Many of us who have been in digital for a while have been surprised at how long it’s taken social media to mainstream into business, and how many businesses are still struggling to adapt to it.
Countless articles get written about what’s wrong with social media, and what people are doing wrong in its execution. Many of those things focus on the tactical details, or fluffy philosophies about what does and doesn’t constitute “being social” in business.
The problem is that all of those things really come second to another bigger, more pervasive problem that continues to hold social media back even today.
Far and away, the thing that prevents most social and digital strategy from getting budget, buy-in and resources is the inability of social media practitioners to tie their work to larger business goals.
I’ve said it before and I’ll say it again: social media is not a strategy in itself. It can’t be if it has any hope of being successful and effective. Social and digital are modes. They’re just mechanisms of executing against broader strategies. In some cases that’s marketing, but increasingly it’s also things like customer service, sales, employee advocacy or even product development and innovation.
When we continue to get tangled in the weeds of thinking that “better social media” is the goal, we lose sight of the fact that we are supposed to be driving business goals: revenue, cost savings, efficiency, growth, brand reputation. And if we can’t make that connection, our programs will forever be isolated into the “nice to have” bucket because we aren’t directly connecting them to the outcomes executives care about.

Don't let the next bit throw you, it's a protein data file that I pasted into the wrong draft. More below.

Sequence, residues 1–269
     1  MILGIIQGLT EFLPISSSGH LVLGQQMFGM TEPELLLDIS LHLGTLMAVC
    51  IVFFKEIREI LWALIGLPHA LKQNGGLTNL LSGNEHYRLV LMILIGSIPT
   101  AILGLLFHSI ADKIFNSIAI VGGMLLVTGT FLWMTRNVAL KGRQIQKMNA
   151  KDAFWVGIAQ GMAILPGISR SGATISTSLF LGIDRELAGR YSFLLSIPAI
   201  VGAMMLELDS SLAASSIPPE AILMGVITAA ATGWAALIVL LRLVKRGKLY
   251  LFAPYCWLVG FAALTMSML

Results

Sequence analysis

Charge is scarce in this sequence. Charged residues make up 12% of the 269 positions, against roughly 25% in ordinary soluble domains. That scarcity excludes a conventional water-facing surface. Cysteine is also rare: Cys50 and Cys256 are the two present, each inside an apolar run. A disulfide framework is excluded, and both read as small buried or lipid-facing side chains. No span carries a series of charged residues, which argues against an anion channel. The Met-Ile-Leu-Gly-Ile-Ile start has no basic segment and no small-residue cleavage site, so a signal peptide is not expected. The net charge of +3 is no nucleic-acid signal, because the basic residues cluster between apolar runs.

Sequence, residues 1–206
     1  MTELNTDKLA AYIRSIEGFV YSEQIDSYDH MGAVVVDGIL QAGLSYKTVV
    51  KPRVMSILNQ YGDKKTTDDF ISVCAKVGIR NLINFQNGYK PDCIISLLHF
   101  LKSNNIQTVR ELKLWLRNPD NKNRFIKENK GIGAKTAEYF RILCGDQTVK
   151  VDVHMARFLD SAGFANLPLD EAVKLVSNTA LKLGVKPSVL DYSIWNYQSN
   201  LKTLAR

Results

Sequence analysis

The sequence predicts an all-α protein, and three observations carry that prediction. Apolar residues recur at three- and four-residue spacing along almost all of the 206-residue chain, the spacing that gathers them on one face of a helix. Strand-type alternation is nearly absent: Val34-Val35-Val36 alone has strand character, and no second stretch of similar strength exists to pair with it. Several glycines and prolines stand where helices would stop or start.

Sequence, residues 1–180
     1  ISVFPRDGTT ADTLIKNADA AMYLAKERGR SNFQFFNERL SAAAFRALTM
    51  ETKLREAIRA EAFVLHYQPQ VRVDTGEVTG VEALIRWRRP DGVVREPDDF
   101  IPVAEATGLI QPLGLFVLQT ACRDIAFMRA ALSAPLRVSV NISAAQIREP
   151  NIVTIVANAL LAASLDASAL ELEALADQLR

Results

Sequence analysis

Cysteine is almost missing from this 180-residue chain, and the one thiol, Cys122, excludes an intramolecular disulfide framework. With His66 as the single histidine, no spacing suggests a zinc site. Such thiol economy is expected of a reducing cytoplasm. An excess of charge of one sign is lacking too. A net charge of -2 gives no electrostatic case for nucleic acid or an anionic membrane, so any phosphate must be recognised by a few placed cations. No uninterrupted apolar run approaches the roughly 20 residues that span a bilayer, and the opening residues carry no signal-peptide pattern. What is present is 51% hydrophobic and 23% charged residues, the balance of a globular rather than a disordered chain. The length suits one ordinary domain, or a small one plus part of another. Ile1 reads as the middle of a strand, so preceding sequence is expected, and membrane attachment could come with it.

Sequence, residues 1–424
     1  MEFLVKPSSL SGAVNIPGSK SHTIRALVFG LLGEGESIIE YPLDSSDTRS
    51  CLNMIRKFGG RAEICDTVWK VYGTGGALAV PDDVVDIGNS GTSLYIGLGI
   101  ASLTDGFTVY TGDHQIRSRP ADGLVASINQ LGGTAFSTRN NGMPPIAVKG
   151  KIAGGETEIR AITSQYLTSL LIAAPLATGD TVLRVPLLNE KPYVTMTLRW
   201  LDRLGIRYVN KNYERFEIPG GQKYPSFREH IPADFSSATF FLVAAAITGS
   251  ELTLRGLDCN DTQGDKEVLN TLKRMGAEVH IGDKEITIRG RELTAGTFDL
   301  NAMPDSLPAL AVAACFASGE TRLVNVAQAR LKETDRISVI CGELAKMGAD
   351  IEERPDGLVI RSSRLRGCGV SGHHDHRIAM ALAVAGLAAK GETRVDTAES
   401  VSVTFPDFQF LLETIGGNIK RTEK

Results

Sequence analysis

The corollary to this is that the same practitioners must abandon the mindset that digital transformation is an event, or a moment in time when a switch gets flipped and suddenly an organization becomes progressive and savvy about all things social and digital.
As a marketing executive, I’ve had a number of programs pitched to me over the years by my teams or agencies that seem to have merits and sound interesting, clever, fun or exciting. But without a realistic assessment of the very real risks involved (there are always risks), the change management required, the processes and resources that will be needed to be successful, and a mechanism to evaluate that success to make future decisions about those programs, they’re not truly mature business proposals. They’re just interesting ideas.
Encouraging businesses to adopt and adapt to digital requires that we, the champions of that idea of progress, treat it as seriously as we would like it to be taken by others. That requires rigor, discipline, analysis, and careful planning so that the strategies are built as robustly as any others the company invests in.
As long as we continue to focus our conversation on accumulating followers and likes and views, berate companies who aren’t “social” enough for our tastes, and denigrate any approach that isn’t break-stuff-revolutionary as staid and shortsighted, we’ll struggle to get digital transformation strategies seen as credible and viable in business.
If we want change and progress, we have to be willing to give it the best chance to succeed. And we can only do that by raising our game to create a strong business case for social that is tied to the most important outcomes for our businesses.
Until then, none of the other “mistakes” matter. Because we’re just playing small ball.